At my primary school in the sixties, those of more delicate appetites were always in danger of being sent to “stand at the wall” in the big dining room when the dreaded school dinners were being served. Leaving food on your plate was a disciplinary issue, and offenders were subjected to this diluted form of public humiliation. Looking back, it seems barbaric – a kind of child abuse. And all the time, the insidious process of habit-formation was going on, with young bodies and developing digestive systems being routinely overloaded as those plates got laboriously, reluctantly cleared. It was a mental process as well as a physical one – the feeling of guilt at any waste was ingrained early. Even now, in restaurants, we of a certain age make the old joke: finish up now, or you’ll get stood at the wall. It’s the product of misguided brainwashing 50 years ago, by parents, by teachers, by the formidable army of “dinner ladies”.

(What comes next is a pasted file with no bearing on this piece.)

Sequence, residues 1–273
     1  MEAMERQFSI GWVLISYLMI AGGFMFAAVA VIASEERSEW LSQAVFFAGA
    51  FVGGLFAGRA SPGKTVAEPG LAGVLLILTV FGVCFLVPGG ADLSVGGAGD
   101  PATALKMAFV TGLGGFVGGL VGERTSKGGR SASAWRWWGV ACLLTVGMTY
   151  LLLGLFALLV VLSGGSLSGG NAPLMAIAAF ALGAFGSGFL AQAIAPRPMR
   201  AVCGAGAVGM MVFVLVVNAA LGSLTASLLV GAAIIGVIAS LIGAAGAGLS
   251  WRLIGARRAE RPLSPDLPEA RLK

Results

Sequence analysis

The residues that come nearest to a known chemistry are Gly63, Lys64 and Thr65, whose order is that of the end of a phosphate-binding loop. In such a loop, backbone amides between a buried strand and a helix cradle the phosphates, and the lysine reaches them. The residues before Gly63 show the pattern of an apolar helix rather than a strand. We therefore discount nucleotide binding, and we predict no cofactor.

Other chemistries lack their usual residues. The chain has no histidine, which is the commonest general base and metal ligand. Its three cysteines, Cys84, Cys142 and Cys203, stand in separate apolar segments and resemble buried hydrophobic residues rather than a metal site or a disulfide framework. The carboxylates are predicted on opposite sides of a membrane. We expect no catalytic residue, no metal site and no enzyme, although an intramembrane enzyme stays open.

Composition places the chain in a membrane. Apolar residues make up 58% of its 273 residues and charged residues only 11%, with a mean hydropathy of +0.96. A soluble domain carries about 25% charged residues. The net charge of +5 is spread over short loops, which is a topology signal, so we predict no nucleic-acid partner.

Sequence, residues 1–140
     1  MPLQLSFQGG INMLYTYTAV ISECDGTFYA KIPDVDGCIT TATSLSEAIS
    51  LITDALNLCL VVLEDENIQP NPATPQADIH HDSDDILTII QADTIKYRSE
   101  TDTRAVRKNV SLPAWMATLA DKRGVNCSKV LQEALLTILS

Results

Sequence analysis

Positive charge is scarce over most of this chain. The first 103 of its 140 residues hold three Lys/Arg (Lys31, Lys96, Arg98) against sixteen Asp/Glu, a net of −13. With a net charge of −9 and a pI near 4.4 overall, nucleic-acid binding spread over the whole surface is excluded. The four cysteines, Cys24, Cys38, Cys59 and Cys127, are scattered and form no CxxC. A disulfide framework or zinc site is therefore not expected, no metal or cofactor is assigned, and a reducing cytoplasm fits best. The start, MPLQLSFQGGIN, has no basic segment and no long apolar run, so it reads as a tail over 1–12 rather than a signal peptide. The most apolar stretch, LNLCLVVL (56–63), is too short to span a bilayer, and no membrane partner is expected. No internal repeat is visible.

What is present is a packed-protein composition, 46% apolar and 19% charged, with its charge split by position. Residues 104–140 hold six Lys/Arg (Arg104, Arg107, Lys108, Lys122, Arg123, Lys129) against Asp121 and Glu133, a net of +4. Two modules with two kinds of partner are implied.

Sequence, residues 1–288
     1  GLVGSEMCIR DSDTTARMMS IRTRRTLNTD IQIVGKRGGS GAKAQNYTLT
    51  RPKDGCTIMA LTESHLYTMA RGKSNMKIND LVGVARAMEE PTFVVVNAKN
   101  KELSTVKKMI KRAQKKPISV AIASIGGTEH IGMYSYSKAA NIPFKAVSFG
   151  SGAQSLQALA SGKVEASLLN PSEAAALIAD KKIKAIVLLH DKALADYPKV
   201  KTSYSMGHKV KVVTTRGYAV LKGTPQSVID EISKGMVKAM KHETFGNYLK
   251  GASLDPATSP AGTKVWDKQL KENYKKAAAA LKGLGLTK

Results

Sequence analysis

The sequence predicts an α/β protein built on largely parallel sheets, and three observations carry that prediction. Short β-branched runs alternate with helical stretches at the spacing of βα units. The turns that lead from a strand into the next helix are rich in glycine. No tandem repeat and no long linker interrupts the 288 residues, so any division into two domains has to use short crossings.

So the errant notions of childhood nutrition, arising out of an historical and hysterical “post-rationing” culture that spawned the baby-boomers, may be one factor that is now reaping an unwelcome harvest in the proliferation of Type II Diabetes in younger age-groups such as the 40-somethings. What else might be at play? Hand-in-hand with the issue of nutrition goes the equally thorny one of exercise. When I was a child, most recreation was out of doors, and nearly every patch of public land had its games of football going on whenever the players weren’t required in the classroom or at home. It was jumpers for goalposts over the length and breadth of the country, and kids ran and ran after a ball, or whatever other sporting object and, by and large, they were lean and fit as whippets as a result.